Board backs superintendent

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The East Allegheny school board has followed the superintendent's lead in refusing to accept students in kindergarten through sixth grade from neighboring Duquesne City School District.

The board approved a resolution unanimously Monday night in support of superintendent Roger D'Emidio, who sent a letter Feb. 25 to Paul B. Long declining to educate the students. The state Department of Education had appointed Mr. Long to come up with a plan for the financially distressed Duquesne district. He, in turn, had asked East Allegheny administrators to accept the students to help with Duquesne's recovery plan.

Ten other districts also have been asked to accept the Duquesne students as part of the plan. Most have already declined, some citing costs. Those districts are: South Allegheny, Norwin Area, Gateway, West Jefferson Hills, Brentwood, Baldwin-Whitehall, Elizabeth Forward and West Mifflin Area, all of which rejected the request; and the City of Pittsburgh and South Park Township schools, which have not acted.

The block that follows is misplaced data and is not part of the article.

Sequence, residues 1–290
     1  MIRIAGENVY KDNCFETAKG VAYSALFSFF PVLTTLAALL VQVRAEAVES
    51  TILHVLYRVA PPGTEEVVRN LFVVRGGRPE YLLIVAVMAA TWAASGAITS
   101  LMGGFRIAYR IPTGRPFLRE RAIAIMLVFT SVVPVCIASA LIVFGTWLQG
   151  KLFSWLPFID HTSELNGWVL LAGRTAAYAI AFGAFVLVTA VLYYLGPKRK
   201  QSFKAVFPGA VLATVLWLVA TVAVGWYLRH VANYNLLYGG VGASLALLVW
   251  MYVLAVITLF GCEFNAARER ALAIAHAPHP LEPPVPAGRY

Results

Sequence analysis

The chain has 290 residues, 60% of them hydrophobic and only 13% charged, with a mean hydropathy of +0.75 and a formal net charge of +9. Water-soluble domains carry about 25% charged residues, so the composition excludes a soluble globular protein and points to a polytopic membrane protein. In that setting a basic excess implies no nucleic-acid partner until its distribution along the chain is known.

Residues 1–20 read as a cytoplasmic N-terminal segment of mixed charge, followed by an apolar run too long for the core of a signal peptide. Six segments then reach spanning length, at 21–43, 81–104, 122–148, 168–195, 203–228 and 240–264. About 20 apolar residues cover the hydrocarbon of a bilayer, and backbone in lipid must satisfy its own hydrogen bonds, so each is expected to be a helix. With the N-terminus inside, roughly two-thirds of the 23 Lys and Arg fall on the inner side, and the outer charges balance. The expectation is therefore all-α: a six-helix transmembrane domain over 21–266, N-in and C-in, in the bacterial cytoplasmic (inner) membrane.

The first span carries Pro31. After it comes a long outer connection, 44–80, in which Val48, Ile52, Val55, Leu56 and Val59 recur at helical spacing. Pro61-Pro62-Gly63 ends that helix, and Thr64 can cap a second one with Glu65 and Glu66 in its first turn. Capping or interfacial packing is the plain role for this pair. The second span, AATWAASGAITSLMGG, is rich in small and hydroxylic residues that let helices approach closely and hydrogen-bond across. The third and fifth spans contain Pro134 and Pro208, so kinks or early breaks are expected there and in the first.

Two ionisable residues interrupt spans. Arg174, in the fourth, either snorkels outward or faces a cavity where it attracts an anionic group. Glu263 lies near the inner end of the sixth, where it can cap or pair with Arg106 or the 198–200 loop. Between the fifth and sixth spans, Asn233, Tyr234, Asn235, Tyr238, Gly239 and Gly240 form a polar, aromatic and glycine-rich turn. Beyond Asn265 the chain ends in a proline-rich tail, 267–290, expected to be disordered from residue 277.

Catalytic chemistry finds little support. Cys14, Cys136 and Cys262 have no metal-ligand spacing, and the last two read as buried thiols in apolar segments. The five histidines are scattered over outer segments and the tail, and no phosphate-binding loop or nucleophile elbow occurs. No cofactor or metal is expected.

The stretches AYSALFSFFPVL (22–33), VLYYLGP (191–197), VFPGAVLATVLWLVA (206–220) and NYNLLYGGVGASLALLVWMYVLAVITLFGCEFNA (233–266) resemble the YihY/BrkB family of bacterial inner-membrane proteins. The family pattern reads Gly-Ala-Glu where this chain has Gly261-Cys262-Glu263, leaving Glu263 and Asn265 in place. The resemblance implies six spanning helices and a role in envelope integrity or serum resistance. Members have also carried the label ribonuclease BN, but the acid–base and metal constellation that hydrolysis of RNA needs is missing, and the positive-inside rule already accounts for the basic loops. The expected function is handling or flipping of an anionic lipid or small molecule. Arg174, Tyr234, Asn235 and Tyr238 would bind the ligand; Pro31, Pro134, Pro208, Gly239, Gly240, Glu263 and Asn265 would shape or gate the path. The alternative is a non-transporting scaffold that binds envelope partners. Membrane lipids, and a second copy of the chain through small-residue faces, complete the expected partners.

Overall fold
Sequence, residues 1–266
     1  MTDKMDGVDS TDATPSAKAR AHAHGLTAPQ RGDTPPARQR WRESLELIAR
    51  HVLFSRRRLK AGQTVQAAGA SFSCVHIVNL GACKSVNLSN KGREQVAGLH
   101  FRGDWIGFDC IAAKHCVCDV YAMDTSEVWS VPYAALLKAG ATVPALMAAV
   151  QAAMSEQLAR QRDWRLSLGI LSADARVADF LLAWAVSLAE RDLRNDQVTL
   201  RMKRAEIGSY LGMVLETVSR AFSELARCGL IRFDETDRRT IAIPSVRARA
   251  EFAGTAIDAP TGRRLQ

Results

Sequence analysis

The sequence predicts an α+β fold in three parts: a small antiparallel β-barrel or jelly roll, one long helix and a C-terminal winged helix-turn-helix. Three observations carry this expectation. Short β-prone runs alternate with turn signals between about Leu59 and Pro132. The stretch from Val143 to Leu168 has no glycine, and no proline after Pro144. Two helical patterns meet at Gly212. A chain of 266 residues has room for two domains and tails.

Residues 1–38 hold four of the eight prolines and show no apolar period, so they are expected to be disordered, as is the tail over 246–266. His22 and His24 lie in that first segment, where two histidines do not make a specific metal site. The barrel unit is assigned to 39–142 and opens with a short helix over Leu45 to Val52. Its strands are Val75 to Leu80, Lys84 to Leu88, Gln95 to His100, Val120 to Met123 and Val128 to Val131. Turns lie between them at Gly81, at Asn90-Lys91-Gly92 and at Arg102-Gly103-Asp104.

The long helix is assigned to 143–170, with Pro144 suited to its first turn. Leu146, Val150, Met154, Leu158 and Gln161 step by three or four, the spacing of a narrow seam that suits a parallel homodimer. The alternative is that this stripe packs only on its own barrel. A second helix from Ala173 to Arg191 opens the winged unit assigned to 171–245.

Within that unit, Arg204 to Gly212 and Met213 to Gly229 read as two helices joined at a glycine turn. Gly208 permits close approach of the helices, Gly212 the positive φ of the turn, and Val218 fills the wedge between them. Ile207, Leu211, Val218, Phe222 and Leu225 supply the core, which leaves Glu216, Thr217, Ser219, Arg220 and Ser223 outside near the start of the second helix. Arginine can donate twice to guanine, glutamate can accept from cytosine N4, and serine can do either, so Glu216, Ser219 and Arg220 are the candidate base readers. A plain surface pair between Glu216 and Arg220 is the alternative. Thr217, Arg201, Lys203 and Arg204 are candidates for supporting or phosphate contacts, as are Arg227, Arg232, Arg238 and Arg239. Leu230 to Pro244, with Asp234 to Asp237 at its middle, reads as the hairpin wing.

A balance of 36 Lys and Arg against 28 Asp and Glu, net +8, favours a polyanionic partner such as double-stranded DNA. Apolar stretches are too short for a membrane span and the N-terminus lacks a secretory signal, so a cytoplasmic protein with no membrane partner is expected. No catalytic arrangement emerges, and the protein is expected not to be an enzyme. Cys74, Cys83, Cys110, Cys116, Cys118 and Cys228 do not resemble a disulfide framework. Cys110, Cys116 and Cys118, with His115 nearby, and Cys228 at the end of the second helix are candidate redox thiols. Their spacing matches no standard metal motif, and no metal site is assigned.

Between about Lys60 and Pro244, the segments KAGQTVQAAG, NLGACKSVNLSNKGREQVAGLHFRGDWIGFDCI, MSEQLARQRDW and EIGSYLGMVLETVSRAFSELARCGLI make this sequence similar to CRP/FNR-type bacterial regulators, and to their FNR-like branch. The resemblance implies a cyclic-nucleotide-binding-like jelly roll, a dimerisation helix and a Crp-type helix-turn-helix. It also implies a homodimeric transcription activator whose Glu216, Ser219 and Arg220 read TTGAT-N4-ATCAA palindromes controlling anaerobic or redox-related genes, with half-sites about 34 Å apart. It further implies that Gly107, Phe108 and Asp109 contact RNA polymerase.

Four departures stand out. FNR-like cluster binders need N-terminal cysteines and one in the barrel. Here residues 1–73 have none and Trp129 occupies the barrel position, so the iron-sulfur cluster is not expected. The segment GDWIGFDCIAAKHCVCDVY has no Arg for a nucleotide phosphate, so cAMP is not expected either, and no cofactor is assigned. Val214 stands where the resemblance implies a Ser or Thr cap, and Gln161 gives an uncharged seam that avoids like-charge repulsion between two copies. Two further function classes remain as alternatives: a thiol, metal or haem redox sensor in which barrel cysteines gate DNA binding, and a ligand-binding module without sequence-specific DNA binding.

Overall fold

In a related action, the Duquesne school board Tuesday hired a special solicitor to fight the plan.

In Monday's resolution, East Allegheny directors noted that the district already took in Duquesne students in grades 7-12 without being given enough money to cover the cost of educating them.

The resolution also said the district doesn't have the space or staff to take additional students from Duquesne, and is not in a financial position to do so.

Toni Valicenti, district business manager, said after the meeting that the Department of Education estimated the cost to educate an elementary school student in East Allegheny is $9,858. Mr. Long has proposed giving school districts $8,000 per year for each Duquesne elementary pupil.

After the meeting, the superintendent said he believes taxes in the district would have to be raised if it had to hire more teachers to accept the younger Duquesne students.

The recovery plan offers three other options: Keep students in the district; pass legislation to force districts to accept the students; or create a charter school in Duquesne.

education - neigh_east

Anne Cloonan, freelance writer:


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